Missouri fans have something else to be thankful for on this Thursday afternoon. The Tigers earned the commitment of 3-star receiver Khmari Thompson on turkey day. Thompson Tweeted out the news just as some people were headed toward the dinner table:Thompson is an interesting prospect for the Tigers. He’s from Larenceville, Georgia but is not be recruited heavily by any other SEC schools. He chose Missouri over the likes of Kansas State and Purdue.
Former Kentucky TE Jacob Tamme has officially retired from the NFL. Tamme, who hasn’t played since 2016, took Thanksgiving as an opportunity to thank people in his life for supporting him over a long career. Tamme played in nine NFL seasons for the Colts, Broncos and Falcons. He caught 259 passes for 2,570 yards and five scores over his career.
Mississippi State quarterback Nick Fitzgerald suffered a gruesome leg injury in the Egg Bowl on Thursday night. With the Bulldogs trailing 7-0 with a little over nine minutes left in the first quarter, Fitzgerald went down and, as some users noted, his foot was turned in the wrong direction. Twitter reacted as it often does with horrible injuries. Fitzgerald is loved by many across the SEC and is believed to be among the elite quarterbacks in the conference.
Muck Rack makes it simple to find people, tweets, or articles that mention any name, keyword, company, hashtag etc. We've compiled this guide to help you make the most of your search.
Selecting a term
Start searching tweets, articles from media outlets, articles mentioned in tweets, journalists'
names, titles and bios with some suggested searches:
Companies or Topics (e.g. iPhone, Microsoft)
Phrases (e.g. "cloud computing") — use quotes to keep the terms together
Twitter handles (e.g. @username) — returns those who have mentioned or replied to
Names (e.g. "David Pogue")
Hashtags (e.g. #sxsw, #london2012)
Bio details (e.g. vegan, Olympics, father)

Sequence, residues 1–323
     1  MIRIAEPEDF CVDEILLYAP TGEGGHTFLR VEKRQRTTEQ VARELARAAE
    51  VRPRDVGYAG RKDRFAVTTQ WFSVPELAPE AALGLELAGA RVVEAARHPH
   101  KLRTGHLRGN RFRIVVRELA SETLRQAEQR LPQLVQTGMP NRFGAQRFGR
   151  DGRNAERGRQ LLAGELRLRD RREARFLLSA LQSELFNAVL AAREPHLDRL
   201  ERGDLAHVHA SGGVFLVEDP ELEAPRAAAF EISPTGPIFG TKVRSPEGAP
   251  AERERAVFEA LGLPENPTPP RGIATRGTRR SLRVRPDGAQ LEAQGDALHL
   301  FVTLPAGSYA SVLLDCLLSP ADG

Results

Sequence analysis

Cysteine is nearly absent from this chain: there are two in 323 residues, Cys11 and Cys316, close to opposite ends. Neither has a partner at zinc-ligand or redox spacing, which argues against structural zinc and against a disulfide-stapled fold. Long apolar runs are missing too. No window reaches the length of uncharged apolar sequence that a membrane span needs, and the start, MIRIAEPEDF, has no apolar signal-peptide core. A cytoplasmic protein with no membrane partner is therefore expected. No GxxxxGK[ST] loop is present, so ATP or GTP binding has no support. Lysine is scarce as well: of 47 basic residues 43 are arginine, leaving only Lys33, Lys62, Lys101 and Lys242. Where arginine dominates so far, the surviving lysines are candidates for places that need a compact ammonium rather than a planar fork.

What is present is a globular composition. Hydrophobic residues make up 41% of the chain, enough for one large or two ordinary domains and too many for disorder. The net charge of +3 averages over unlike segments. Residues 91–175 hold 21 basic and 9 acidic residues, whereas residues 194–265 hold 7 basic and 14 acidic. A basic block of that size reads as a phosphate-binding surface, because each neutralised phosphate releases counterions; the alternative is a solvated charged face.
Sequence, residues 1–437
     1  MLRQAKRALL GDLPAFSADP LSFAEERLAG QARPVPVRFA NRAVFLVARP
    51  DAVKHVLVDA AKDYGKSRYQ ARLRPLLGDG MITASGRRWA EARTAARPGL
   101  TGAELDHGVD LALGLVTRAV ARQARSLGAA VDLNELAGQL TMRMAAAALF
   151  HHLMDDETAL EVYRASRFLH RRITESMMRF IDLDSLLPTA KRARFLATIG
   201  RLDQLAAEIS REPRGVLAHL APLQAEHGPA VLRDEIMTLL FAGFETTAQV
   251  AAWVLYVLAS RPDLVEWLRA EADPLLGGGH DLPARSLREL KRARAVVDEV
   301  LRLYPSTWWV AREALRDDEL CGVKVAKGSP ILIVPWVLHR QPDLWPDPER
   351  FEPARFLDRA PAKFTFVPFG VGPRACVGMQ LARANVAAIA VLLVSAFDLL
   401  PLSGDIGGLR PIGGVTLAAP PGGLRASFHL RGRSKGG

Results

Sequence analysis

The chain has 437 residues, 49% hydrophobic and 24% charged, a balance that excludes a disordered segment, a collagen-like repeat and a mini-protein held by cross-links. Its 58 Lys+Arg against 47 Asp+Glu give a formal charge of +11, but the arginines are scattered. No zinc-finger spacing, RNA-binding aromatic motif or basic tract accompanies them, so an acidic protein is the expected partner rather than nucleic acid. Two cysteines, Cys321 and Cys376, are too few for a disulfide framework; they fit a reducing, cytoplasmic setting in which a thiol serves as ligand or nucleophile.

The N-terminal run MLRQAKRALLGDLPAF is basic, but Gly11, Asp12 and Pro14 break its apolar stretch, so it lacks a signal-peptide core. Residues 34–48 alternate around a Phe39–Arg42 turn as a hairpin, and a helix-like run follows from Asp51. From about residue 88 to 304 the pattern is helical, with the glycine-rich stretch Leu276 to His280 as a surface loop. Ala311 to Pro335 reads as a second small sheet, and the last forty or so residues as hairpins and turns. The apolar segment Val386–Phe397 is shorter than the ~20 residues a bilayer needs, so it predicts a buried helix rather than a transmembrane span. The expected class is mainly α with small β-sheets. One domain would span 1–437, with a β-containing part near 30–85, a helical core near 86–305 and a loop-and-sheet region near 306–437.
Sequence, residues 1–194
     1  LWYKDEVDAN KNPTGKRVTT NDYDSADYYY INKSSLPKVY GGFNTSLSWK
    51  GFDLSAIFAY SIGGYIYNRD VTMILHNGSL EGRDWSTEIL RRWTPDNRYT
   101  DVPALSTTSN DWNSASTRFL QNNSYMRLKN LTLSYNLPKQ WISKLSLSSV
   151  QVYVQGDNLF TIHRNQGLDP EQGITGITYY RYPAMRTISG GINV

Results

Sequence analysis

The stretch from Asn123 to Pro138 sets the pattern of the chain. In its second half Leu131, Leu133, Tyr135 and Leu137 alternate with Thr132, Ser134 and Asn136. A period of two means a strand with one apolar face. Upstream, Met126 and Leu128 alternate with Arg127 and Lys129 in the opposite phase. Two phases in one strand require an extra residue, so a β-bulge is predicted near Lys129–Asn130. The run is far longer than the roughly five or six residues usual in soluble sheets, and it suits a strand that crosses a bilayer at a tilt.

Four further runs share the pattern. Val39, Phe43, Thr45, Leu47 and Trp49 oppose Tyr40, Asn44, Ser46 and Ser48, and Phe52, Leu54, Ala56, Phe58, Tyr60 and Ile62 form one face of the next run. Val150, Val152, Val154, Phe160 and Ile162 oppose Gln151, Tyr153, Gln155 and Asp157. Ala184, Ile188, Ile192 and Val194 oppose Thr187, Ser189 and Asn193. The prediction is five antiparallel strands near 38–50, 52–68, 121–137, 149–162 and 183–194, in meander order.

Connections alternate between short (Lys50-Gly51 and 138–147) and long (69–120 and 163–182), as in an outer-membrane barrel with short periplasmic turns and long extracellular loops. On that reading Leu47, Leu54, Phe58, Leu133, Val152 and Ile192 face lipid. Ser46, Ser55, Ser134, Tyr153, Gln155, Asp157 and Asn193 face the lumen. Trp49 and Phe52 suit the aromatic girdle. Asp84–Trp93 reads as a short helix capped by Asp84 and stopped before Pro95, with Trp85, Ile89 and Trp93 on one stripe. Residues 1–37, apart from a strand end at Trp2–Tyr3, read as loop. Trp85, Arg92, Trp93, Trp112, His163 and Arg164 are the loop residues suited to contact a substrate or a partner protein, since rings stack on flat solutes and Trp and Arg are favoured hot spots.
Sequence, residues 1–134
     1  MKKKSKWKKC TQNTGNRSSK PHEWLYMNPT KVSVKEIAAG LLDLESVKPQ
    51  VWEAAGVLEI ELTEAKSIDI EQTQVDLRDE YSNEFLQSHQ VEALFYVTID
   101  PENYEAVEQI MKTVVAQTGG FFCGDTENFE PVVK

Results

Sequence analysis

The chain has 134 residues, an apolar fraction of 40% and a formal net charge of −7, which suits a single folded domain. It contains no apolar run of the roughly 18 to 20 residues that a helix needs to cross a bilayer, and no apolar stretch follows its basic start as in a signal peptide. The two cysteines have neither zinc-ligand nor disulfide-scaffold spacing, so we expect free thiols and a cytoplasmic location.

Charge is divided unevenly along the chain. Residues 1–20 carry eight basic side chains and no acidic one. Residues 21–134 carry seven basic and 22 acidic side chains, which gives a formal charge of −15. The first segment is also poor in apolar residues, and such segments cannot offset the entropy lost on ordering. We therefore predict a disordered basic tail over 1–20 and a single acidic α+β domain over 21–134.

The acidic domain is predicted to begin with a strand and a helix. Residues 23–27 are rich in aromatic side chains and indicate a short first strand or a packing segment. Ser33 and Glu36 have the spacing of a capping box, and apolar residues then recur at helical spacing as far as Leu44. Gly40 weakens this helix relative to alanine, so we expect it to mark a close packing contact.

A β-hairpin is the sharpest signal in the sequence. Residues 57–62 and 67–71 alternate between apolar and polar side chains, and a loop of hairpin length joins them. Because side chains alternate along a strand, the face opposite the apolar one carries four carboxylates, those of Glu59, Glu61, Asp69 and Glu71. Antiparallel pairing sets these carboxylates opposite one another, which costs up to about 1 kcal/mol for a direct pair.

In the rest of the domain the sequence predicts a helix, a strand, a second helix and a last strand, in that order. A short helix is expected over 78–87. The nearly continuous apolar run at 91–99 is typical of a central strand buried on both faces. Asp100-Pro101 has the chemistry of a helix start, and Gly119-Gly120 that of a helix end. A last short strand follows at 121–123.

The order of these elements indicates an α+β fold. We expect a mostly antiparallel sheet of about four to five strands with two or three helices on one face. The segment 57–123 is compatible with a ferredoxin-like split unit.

Muck Rack's Advanced Search allows for many boolean operators.
Find results that mention multiple specified terms, use AND or
+. For example, ensure each result contains both Elon Musk and Mark Zuckerberg by
searching Musk AND Zuckerberg or Musk + Zuckerberg.
Use the operators OR or , to broaden your search when you'd like either of
multiple terms to appear in results. (This is the default behavior of our search when no operators
are used). For example, results will contain either cake or cookie by searching cake OR cookie or cake,cookie
Use NOT or - to subtract results from your search. For
example, searching Disney will yield results about the Walt Disney Company as well as Walt Disney
World Resort. To exclude mentions of Disney World, search for Disney -World or Disney
When using one of these operators with a phrase, enclose it in quotation marks. For example, you can
find results about smartphones excluding Apple's iPhone 4S by searching smartphone -"iPhone
Exact case matching or punctuation
If you're searching for a brand name or keyword that relies on specific punctuation marks or capitalization, you can
find results that match your exact query by adding matchcase: before the keyword you're searching for, like matchcase:E*TRADE .
Use parentheses to separate multiple
boolean phrases. For example, to find journalists talking about having fun in Disney World or
Disneyland, search for ("disney world" OR disneyland) AND fun.
An asterisk can be used to search for any variation of a root word truncated by the asterisk. For example, searching for admin* will return results for administrator, administration, administer, administered, etc.
A near operator is an AND operator where you can control the distance between the words. You can vary the distance the near operation uses by adding a forward slash and number (between 0-99) such as strawberries NEAR/10 "whipped cream", which means the strawberries must exist within 10 words of "whipped cream".